Digby Genweb Digby Researchers Census Parish Records Births Marriages Cemeteries Obituary Index Scenes from the Past Links & Resources


Picture Credit: The Brigade of the American Revolution (BAR)

"In American History, the Loyalists, or Tories, were the men and women who refused to renounce allegiance to the British Crown after July 1776; they demonstrated that the American Revolution was a civil war as well as a quest for independence. Approximately 500,000 persons, 20 percent of the white population, actively opposed independence; probably a like number were passive Loyalists. There were Loyalists in every colony, but they were most numerous in the Mid-Atlantic states and in the South."
"Although the incidence of loyalism was greatest among crown officials, Anglican clergy, social and economic elites, and cultural minorities, the King's friends came from all racial, religious, ethnic, economic, class, and occupational groups. Some were called Whig-Loyalists, who opposed British policies but also rejected secession. Sometimes families were divided: Benjamin Franklin's son William was a loyalist. Vested interest, temperament, or political philosophy could separate Patriot from Loyalist."
"As much as the Patriots did, the Loyalists put their lives, fortunes, and honor on the line during the Revolution. Besides those who served in the regular British Army, some 19,000 men fought in over 40 Loyalist units, the largest of which was Cortlandt Skinner's New Jersey Volunteers Refugees gathered in British-occupied New York City, where the Board of Associated Loyalists, headed by William Franklin, helped direct military activities. During the war, Crown supporters suffered physical abuse, ostracism, disenfranchisement, confiscation of property, imprisonment, banishment, even death. However, only 4,118 Loyalists requested compensation from Britain's Royal Claims Commission after the war, receiving a total of about 3,000,000 pounds."
"The Revolution forced approximately 100,000 persons, 2.4 percent of the population (compared with 0.5 percent in the French Revolution), into exile. Some refugees went to England, others to Florida or the Caribbean; at least half went to Canada, where the new colony of New Brunswick was created (1784) to meet their demands for lands and recognition. The United Empire Loyalists, a hereditary organization created by the Canadian government in 1789 to honor those who rallied to the crown before the peace of 1783, remains today the Loyalist counterpart to the Sons and Daughters of the American Revolution."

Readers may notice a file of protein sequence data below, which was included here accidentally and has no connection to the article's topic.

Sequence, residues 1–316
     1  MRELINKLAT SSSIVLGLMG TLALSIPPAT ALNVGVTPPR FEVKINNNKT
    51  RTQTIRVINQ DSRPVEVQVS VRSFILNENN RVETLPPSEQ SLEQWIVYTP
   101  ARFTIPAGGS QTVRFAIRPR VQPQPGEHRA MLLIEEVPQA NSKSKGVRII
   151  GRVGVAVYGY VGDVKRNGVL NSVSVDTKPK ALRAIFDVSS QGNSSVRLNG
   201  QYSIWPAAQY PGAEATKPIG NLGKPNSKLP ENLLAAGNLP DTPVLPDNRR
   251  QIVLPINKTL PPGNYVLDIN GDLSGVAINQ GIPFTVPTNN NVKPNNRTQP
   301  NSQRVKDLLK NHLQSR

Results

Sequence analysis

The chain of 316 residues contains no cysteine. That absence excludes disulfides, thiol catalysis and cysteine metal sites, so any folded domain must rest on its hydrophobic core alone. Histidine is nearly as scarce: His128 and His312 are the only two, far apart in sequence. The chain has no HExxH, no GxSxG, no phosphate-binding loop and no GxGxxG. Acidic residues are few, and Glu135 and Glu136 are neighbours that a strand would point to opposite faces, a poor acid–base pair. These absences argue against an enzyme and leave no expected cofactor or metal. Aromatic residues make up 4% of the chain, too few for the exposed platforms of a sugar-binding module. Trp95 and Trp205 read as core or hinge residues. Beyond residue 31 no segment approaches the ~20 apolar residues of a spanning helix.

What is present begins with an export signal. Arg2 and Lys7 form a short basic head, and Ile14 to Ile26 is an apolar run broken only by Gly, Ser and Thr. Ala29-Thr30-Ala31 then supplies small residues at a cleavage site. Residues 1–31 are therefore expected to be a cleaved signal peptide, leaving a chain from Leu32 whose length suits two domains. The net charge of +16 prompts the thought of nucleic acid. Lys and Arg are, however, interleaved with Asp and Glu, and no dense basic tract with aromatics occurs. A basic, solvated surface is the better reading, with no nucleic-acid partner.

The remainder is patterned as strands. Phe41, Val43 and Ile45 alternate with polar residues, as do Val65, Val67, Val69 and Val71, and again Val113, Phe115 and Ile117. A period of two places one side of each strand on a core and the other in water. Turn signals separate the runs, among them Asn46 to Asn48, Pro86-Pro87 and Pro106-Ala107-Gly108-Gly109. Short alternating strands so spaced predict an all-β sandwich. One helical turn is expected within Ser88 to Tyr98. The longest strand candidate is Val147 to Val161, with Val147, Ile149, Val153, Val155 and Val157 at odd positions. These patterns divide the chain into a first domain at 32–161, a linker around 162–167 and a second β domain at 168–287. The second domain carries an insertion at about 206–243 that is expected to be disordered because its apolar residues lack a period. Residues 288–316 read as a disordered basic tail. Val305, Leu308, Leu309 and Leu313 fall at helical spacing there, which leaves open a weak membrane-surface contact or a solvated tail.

(See Addresses at bottom of this page)

- Larry R. Gerlach (Bibliography: Allen, R., ed., The Loyal Americans (1983); Brown, W., The King's Friends (1965); Calhoon, R. C., The Loyalist Perception and Other Essays (1989); Colley, L., In Defense of Oligarchy (1982). Copyright (c) Grolier Electronic Publishing, Inc

Much of the population of Digby County can be attributed, not only to Loyalist settlement, but many of those loyalists had been members of the New Jersey Volunteers. Click on an example of a Muster Roll of New Jersey Volunteers (NJV) in Capt Peter Rutan's Company of the 4th Battalion, NJV
You'll notice that quite a few are of Dutch or German descent. It was not uncommon for certain companies of loyalists to be of the same or similar nationalities. Many of these "foreign" names were Anglicized, both during, and after the war.

If you wish to look further into Loyalist genealogy, or know your true line and wish to become a member of the United Empire Loyalists, here are some helpful addresses you should note:
The address for Association Headquarters is:
The United Empire Loyalists' Association of Canada,
50 Baldwin St.,
Toronto, Ontario. Canada
M5T 1L4

The address for the Halifax / Dartmouth Branch is:
Mr. Ernest Clarke, President
2850 Ralph Devlin Drive,
Halifax NS B3L 3T1




Return to the Digby County, Nova Scotia GenWeb Homepage 


Notice:  Everyone is free to read and copy the following information for their own personal use, but not to distribute electronically, or in print, or by other means, in whole, or in part, without written permission.


Comments, questions and suggestions should be sent to DigbyGenWeb(AT) Subject : Digby Genweb

1998, 1999 Elaine Deion; 2000 to present CathyLee Rudolph



Hosted by RootsWeb